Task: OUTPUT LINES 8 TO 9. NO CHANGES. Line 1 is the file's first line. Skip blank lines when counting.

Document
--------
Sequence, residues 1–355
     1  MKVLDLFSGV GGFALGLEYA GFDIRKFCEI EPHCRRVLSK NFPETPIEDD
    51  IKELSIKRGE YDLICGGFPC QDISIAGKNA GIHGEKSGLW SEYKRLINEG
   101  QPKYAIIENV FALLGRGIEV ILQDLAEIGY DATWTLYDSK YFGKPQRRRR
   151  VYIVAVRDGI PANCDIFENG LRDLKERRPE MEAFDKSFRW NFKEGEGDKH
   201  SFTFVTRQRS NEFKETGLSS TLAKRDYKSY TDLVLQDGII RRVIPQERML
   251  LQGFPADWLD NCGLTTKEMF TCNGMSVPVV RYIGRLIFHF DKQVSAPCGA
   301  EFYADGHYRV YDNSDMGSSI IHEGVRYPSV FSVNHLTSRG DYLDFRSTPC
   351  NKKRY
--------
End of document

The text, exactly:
   301  EFYADGHYRV YDNSDMGSSI IHEGVRYPSV FSVNHLTSRG DYLDFRSTPC
   351  NKKRY